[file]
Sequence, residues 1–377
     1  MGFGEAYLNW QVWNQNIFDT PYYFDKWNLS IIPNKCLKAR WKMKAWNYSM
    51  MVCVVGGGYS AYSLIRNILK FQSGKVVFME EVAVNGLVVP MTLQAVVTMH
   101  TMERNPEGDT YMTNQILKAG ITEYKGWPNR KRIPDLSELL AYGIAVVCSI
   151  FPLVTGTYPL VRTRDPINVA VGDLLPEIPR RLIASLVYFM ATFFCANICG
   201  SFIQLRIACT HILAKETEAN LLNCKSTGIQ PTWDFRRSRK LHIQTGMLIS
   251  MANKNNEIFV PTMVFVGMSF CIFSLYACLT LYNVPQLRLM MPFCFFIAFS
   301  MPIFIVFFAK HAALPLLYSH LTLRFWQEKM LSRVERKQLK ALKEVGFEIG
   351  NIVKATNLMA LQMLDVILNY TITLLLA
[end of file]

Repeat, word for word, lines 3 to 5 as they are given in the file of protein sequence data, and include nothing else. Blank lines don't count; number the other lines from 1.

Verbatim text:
    51  MVCVVGGGYS AYSLIRNILK FQSGKVVFME EVAVNGLVVP MTLQAVVTMH
   101  TMERNPEGDT YMTNQILKAG ITEYKGWPNR KRIPDLSELL AYGIAVVCSI
   151  FPLVTGTYPL VRTRDPINVA VGDLLPEIPR RLIASLVYFM ATFFCANICG